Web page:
[oh-ger] /ˈoʊ gər/
a monster in fairy tales and popular legend, usually represented as a hideous giant who feeds on human flesh.
a monstrously ugly, cruel, or barbarous person.
(in folklore) a giant, usually given to eating human flesh
any monstrous or cruel person
“man-eating giant,” 1713, hogre (in a translation of a French version of the Arabian Nights), from French ogre, first used in Perrault’s “Contes,” 1697, and perhaps formed by him from Italian orco “demon, monster,” from Latin Orcus “Hades,” perhaps via an Italian dialect. In English, more literary than colloquial. The conjecture that it is from Byzantine Ogur “Hungarian” or some other version of that people’s name (perhaps via confusion with the bloodthirsty Huns), lacks historical evidence. Related: Ogrish; ogrishness.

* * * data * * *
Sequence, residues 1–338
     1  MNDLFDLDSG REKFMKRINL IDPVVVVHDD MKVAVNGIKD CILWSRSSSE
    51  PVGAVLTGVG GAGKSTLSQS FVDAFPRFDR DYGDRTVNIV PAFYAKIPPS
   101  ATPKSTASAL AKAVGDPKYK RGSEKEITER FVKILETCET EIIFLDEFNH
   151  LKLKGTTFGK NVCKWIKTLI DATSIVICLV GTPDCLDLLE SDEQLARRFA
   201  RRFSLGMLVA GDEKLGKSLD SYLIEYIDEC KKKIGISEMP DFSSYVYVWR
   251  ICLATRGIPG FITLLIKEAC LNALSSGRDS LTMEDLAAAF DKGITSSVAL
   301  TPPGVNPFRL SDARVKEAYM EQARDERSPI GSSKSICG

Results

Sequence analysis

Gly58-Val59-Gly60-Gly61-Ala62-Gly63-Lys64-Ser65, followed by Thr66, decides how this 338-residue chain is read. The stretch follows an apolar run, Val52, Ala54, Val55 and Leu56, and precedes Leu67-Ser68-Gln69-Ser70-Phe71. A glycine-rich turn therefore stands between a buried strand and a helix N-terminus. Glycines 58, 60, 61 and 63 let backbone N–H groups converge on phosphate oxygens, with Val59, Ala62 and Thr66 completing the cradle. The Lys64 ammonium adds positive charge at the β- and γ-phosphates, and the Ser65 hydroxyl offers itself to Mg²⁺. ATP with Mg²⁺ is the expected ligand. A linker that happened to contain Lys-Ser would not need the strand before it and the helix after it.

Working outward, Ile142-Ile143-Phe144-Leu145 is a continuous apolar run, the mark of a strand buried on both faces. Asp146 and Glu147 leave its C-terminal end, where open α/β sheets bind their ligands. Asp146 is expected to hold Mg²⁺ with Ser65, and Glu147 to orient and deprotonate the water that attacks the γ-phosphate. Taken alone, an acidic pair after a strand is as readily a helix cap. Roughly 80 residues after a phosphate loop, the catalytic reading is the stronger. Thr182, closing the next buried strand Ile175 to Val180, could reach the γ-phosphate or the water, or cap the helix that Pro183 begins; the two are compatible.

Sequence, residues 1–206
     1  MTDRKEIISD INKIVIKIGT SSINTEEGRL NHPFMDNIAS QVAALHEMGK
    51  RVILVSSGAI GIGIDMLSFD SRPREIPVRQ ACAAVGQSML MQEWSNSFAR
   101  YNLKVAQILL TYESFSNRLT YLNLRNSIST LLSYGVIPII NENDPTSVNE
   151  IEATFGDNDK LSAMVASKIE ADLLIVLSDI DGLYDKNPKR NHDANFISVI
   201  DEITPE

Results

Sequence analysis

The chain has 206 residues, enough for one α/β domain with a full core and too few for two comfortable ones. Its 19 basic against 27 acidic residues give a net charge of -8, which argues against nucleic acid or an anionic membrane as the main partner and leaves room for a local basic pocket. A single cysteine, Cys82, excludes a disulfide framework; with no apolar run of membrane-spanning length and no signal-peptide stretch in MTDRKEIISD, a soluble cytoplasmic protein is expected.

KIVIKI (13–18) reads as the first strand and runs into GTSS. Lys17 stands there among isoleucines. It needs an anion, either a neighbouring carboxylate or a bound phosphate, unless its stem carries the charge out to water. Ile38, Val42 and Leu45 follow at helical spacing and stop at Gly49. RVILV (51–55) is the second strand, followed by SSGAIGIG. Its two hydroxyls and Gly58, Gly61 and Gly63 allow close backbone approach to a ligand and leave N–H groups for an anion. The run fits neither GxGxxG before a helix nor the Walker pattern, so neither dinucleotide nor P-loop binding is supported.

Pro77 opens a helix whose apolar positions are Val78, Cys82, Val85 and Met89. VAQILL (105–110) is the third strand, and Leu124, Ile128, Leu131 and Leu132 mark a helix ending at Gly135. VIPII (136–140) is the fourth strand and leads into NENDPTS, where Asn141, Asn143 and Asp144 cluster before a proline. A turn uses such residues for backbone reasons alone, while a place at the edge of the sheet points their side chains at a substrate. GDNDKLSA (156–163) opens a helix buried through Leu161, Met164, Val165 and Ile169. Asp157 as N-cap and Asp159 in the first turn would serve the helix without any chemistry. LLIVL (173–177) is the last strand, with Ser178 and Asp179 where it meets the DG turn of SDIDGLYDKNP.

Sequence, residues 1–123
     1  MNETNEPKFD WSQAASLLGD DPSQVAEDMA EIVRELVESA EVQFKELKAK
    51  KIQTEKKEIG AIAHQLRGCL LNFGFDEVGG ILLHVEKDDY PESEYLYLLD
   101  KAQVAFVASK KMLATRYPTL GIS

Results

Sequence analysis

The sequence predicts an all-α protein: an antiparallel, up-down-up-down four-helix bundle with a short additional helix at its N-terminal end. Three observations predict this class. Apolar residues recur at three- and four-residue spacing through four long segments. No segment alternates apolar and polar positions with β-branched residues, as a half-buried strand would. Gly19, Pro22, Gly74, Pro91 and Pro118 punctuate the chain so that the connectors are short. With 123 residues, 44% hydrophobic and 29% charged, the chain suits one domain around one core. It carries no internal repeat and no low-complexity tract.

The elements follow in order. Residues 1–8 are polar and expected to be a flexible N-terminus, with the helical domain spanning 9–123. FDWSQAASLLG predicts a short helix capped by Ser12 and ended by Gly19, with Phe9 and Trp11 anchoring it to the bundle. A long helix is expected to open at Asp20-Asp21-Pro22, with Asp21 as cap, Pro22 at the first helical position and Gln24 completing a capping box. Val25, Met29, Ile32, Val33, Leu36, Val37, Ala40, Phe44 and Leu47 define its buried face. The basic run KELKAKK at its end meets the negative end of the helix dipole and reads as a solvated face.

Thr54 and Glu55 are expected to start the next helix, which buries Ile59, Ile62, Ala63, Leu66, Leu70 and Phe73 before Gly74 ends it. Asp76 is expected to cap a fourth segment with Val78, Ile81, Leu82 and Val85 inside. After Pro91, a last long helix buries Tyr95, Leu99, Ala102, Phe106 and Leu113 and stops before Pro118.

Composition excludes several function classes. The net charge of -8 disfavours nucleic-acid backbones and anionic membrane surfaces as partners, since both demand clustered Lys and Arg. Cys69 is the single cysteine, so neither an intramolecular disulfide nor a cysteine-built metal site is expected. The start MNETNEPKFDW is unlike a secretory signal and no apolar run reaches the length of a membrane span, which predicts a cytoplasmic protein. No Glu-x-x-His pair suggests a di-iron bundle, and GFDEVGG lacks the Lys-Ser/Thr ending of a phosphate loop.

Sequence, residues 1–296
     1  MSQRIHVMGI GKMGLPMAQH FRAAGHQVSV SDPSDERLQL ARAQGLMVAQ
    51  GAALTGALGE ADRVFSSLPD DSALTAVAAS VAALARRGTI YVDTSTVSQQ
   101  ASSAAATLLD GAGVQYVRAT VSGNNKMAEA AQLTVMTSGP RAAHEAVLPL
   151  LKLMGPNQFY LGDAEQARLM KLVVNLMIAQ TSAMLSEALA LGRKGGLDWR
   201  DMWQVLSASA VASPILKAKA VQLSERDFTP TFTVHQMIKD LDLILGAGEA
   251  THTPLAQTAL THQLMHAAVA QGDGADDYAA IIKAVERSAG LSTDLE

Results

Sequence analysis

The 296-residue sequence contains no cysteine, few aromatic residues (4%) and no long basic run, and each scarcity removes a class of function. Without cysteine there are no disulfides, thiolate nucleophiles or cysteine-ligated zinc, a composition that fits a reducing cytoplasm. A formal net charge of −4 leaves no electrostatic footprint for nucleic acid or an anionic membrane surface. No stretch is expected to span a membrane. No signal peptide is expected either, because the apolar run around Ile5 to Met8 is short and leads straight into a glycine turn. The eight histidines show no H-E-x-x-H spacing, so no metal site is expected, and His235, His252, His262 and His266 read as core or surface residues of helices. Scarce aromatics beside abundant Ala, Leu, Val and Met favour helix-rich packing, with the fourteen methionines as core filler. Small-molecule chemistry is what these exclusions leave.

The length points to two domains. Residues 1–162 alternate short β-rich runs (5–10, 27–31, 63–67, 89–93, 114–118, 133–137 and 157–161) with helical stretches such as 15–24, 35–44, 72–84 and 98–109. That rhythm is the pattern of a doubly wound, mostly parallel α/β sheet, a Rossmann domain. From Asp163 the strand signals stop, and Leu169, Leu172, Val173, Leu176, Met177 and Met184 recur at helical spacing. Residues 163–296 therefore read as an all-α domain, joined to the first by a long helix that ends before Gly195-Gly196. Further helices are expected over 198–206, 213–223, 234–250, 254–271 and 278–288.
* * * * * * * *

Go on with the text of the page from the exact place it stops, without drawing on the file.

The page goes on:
/əʊˈɡʊn/ noun 1. a state of SW Nigeria. Capital: Abeokuta. Pop: 3 728 098 (2006). Area: 16 762 sq km (6472 sq miles)
/əʊˈdʒɪdʒɪən/ adjective 1. of very great age; prehistoric adj. 1843, “of great antiquity or age,” from Greek Ogygos, name of a mythical Attic or Boeotian king who even in classical times was thought to have lived very long ago. Also sometimes with reference to a famous flood said to have occurred in his day.
[oh] /oʊ/ interjection 1. (used as an expression of surprise, pain, disapprobation, etc.) 2. (used in direct address to attract the attention of the person spoken to): Oh, John, will you take these books? noun, plural oh’s, ohs. 3. the exclamation “oh.”. verb (used without object) 4. to utter or exclaim “oh.”. [oh] /oʊ/ noun […]
united, or power, the third son of Simeon (Gen. 46:10).